Here is the timeline of events from my requests, and the disappointing responses from a city in denial, or worse, outright deception. I’ll let you be the judge.
My first FOIA request:
City of Norfolk July 31st Statement - (linked in my FOIA request):
City of Norfolk response to my FOIA request asking for clarification... the day their response was due per state law:
My response to the request for clarification, providing the timeline that was available in the Pilot story linked in my request:
My email to City Council members, advising them of the City FOIA office response and my request they initiate an investigation:
The only response from any member of City Council:
FOIA Office attempts another delay tactic with feigned confusion:
I respond with a simple reiteration of the original request WITH timeline, both in the same email:
FOIA office attempts yet ANOTHER delay tactic on the second part of the request, this time seeking 'keywords' to help them identify the 'statement' the City made, even though I had already provided them the link (keywords not needed):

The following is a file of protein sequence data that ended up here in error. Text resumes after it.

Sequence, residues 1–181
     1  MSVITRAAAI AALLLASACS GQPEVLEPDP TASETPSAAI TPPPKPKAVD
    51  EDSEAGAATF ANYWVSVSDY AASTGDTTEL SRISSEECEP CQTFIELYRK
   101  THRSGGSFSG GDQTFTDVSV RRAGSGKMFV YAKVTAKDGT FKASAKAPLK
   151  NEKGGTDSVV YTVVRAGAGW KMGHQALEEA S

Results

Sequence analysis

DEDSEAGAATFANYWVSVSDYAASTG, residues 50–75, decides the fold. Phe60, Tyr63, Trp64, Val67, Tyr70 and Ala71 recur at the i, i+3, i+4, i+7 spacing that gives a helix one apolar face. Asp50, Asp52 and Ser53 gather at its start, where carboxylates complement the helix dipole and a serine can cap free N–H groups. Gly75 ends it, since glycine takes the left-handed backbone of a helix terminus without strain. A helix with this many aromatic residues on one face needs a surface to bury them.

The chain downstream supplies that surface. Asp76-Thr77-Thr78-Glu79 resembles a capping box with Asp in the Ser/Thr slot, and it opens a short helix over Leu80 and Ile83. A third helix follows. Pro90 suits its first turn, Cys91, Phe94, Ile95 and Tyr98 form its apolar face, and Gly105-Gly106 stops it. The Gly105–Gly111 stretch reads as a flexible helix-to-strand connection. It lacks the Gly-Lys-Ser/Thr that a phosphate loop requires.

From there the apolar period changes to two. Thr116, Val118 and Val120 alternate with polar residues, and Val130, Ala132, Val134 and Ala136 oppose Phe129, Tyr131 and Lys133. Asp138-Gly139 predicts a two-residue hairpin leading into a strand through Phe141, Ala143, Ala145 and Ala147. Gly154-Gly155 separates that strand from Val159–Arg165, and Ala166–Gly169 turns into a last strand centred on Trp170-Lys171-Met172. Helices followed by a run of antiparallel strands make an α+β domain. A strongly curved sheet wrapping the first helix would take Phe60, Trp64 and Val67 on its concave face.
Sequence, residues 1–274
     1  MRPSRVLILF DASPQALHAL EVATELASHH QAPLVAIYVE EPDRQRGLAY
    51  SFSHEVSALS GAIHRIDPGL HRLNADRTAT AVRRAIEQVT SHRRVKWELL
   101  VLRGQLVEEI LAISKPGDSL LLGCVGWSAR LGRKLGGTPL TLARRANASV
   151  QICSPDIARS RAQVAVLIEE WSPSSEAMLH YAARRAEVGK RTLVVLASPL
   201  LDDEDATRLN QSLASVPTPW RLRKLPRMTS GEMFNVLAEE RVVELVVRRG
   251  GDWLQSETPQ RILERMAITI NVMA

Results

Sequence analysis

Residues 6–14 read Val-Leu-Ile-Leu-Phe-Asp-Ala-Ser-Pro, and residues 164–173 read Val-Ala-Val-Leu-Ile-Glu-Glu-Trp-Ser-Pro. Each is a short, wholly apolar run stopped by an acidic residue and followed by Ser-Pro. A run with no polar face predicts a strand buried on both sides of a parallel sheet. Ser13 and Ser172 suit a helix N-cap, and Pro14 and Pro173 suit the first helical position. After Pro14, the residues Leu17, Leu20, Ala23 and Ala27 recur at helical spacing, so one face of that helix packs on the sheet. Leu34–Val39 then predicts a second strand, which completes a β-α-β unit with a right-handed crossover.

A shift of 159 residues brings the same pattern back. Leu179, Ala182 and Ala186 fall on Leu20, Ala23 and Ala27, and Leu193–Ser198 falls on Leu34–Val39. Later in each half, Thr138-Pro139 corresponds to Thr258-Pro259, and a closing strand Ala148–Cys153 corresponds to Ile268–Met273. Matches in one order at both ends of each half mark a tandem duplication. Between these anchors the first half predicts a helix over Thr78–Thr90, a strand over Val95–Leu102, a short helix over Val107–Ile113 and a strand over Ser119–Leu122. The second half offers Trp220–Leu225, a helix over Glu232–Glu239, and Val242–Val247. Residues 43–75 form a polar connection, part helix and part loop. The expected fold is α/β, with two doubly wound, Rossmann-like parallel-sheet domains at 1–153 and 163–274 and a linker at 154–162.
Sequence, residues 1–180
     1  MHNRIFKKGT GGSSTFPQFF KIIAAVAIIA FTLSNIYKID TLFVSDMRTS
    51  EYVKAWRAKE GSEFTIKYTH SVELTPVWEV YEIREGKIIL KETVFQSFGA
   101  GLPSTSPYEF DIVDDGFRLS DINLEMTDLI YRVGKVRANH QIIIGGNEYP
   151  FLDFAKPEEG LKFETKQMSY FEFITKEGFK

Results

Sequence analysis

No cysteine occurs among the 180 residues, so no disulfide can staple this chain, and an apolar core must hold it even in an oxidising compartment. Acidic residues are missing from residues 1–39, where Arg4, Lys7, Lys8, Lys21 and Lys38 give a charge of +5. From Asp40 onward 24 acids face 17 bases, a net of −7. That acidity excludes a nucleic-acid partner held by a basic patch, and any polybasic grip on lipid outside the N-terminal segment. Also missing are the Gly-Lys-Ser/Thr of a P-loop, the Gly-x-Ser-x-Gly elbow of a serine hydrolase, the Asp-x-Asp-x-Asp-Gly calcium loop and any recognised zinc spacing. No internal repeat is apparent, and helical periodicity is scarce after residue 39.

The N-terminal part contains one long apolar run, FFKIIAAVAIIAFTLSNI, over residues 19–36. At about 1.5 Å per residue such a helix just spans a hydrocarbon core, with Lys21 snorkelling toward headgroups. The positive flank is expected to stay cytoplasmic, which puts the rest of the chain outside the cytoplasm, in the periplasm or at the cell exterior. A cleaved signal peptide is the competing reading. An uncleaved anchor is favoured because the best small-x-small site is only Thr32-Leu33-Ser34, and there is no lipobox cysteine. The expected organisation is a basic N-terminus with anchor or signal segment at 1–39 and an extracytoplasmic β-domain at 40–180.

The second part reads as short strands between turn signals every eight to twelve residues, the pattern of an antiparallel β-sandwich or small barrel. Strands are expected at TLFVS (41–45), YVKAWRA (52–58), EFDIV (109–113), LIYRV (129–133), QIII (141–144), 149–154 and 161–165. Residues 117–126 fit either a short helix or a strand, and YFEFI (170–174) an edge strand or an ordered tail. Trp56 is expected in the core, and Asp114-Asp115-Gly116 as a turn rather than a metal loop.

My reponse to the keyword request, noting that the city moved the statement location (web address), so I provided the new address:
City FOIA office now demands funds to process my request... at 5:51 p.m. on the deadline date:
Page 1 of the letter claiming there are too many records to provide, and that either money will be required from me, or I can settle for whatever they can "do immediately and free of charge". (Note: It is my opinion that they should have provided whatever they could have immediately and free of charge in time to meet the deadline, and communicated the charges if I wanted anything above and beyond the free documentation):
I accept the offer to receive whatever documents relating to RFP 3642 that can be delivered immediately and free of charge:
On August 16, 2017 I received an envelope via United States Postal Service, postmarked August 14, 2017, containing a letter from the FOIA office and a compact disc. The contents of that disc is 53 digital documents files, 51 of them pertaining to a 2013 request for proposals for food service, (“RFP-4258”) and two files pertaining to the RFP subject to this FOIA request, RFP 3642. This delivery did not satisfy the request, as it did not contain records of email communications between the city and The Virginian-Pilot and was delivered nine days after the deadline, in violation of state law.
Envelope with postmark August 14, 2017